The new Arnold Schoenberg Center occupies onefloor of the Palais Fanto in downtown Vienna. A recital auditorium isamong its features.
With a week-long celebration to mark theopening of the Arnold Schoenberg Center, Vienna heaped honors on theseminal composer of 20th-century music, while visibly agonizing overthe sins of its Nazi past.
The tone was set on opening night, when 1,800 ofVienna’s political, cultural and social elite gathered in the gilded19th-century Musikverein for three of Schoenberg’s major works –“Transfigured Night,” “Peace on Earth” and “Expectation.”
(Zubin Mehta, the scheduled conductor, had tocancel due to illness and was replaced by Giuseppe Sinopoli, who wasrewarded with six curtain calls by the enthusiastic audience.)
Before the Vienna Philharmonic sounded the first note,Viktor Klima, the federal chancellor of Austria, struck the mixedmotif of pride and shame that marked the festival.
Turning to Nuria, Ronald and Lawrence Schoenberg,the three children of the composer (1874-1951), who decided totransfer their father’s legacy to his native city, Klima said: “Whilewe are proud and thankful on this occasion, we cannot forget theshameful years of the 1930s, which saw the dispersion and extinctionof our fellow Jewish citizens.”
This apologia, which was re-emphasized by ViennaMayor Michael Haupl at the following evening’s concert, was not asautomatic and self-evident as it would be at a similar event inGermany.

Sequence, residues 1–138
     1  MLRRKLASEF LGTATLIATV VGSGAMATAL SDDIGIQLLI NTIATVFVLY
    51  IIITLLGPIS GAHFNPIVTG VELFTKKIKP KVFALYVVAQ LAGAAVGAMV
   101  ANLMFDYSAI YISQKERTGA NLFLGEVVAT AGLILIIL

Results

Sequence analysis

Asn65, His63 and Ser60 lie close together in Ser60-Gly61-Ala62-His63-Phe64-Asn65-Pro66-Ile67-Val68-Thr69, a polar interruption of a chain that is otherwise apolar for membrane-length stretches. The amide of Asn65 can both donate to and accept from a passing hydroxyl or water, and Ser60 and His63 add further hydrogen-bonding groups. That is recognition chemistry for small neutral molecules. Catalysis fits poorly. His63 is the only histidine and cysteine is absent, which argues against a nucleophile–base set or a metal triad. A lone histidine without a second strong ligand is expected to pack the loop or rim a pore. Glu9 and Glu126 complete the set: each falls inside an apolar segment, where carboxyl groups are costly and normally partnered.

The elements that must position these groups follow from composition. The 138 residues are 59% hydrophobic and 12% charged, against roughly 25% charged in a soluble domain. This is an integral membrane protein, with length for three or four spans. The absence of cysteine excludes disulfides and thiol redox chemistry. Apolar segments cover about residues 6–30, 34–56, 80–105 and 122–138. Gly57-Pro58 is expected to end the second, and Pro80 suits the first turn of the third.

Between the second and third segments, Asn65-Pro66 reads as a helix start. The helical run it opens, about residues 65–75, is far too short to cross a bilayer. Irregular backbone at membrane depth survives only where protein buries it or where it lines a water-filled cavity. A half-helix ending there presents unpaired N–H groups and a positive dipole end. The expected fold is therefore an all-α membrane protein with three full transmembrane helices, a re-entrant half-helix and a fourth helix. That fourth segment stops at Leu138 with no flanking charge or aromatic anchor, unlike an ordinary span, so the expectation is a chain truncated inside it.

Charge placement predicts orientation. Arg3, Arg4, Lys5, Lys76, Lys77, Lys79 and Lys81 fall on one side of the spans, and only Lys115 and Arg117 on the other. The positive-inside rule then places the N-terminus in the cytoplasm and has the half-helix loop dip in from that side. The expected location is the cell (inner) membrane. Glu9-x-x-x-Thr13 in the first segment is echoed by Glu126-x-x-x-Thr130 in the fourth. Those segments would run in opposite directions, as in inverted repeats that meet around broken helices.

For decades, Austrians preferred to think ofthemselves as “the first victims” of Nazism, glossing over thehysterical reception they gave Hitler in 1938 and their ardentsupport during the war.
The fact that the opening of the Schoenberg Centercoincided with the 60th anniversary of the Anschluss was taken as acue by the Austrian media to grapple with the country’s World War IIrole, including the brutal persecution of its Jews.
The Schoenberg Center, located near the city’smajor museums and concert halls, displays the astonishing variety oftalents possessed by the creator of the 12-tone scale, not only ascomposer but as painter, inventor, model builder, author and eventennis player.
A section is devoted to Schoenberg’s last 15years, spent in Los Angeles, and another to his Jewish identity.After converting to Lutheranism as a young man, the composer returnedto his ancestral faith in 1933.
Even while still nominally a Christian, he wrote aneo-Zionist play on which his opera, “Moses and Aron,” is based, and,early on, he foresaw the fate awaiting European Jewry withastonishing clarity.
For the last 25 years, the composer’s legacy hasbeen housed in the Schoenberg Institute on the USC campus. Afterprolonged and bitter clashes between USC administrators and theSchoenberg heirs, the decision was taken to move the institute’slarge collection of compositions, manuscripts, books, paintings,photos and memorabilia to Vienna.
Berlin and The Hague also vied to become thecenter’s new home, but, in the end, the heirs decided in favor oftheir father’s birthplace.